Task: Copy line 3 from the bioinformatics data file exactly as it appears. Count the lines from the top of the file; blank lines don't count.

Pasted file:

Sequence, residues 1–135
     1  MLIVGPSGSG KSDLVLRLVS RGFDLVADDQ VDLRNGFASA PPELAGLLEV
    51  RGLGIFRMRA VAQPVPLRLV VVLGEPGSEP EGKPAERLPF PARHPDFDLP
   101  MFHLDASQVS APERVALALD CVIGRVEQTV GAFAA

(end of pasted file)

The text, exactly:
    51  RGLGIFRMRA VAQPVPLRLV VVLGEPGSEP EGKPAERLPF PARHPDFDLP